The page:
An explanation for the strange suicide of Colonel Ted Westhusing, a Professor of Military Ethics at West Point who had been in Iraq working with USIS, a private contractor, and who had received a letter accusing the company of corruption. (from the LATimes)
A psychologist reviewed Westhusing’s e-mails and interviewed colleagues. She concluded that the anonymous letter had been the “most difficult and probably most painful stressor.”
She said that Westhusing had placed too much pressure on himself to succeed and that he was unusually rigid in his thinking. Westhusing struggled with the idea that monetary values could outweigh moral ones in war. This, she said, was a flaw.
“Despite his intelligence, his ability to grasp the idea that profit is an important goal for people working in the private sector was surprisingly limited,” wrote Lt. Col. Lisa Breitenbach. “He could not shift his mind-set from the military notion of completing a mission irrespective of cost, nor could he change his belief that doing the right thing because it was the right thing to do should be the sole motivator for businesses.”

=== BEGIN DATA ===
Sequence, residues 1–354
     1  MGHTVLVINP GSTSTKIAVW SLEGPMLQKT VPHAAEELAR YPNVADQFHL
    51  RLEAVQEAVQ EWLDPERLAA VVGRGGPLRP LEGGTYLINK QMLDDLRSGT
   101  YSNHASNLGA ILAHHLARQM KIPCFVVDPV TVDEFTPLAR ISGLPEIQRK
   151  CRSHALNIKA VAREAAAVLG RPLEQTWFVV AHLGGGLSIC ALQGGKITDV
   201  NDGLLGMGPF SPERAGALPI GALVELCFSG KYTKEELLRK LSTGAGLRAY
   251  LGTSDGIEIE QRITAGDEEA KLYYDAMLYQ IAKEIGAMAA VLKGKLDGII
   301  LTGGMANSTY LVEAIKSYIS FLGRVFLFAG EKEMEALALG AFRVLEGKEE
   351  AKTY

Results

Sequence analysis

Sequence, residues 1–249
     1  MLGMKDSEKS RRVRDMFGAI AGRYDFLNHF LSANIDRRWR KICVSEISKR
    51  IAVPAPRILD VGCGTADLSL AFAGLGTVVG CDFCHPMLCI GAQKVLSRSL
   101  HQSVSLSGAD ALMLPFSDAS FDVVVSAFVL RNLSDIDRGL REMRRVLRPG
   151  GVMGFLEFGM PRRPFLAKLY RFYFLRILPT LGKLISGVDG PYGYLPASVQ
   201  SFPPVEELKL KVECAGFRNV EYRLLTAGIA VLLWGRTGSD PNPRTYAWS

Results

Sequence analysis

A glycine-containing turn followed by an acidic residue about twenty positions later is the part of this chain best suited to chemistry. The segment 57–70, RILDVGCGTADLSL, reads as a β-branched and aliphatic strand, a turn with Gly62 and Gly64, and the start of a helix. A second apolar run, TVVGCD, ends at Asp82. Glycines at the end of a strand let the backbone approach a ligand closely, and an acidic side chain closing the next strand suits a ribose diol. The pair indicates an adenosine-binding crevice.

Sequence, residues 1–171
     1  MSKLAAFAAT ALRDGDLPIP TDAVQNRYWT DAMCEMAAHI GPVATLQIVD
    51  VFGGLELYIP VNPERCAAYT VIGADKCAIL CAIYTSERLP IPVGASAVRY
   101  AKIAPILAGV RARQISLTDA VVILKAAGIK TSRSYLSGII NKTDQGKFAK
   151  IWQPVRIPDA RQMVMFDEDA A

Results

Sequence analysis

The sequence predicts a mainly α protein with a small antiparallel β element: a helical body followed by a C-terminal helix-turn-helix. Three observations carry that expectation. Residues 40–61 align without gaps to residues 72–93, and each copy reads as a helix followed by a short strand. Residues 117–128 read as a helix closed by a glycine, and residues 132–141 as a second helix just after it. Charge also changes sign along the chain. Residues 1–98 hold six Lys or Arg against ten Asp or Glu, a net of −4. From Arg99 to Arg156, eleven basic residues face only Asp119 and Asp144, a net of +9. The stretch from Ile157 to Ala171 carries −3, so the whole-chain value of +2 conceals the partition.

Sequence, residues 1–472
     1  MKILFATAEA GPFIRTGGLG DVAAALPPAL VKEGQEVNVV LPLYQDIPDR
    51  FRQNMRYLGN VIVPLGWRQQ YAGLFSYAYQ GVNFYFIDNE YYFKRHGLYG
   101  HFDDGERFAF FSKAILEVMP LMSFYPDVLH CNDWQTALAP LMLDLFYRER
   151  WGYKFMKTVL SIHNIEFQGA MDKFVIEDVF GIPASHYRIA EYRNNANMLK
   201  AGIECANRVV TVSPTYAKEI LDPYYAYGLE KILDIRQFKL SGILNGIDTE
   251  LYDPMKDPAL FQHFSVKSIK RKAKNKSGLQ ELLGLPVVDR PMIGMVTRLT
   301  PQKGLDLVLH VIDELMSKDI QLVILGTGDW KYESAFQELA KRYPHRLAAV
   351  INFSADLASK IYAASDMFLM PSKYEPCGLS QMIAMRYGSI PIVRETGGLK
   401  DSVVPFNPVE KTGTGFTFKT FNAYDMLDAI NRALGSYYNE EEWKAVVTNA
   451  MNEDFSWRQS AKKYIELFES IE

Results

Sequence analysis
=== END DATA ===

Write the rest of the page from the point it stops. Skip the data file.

One military officer said he felt Westhusing had trouble reconciling his ideals with Iraq’s reality. Iraq “isn’t a black-and-white place,” the officer said. “There’s a lot of gray.”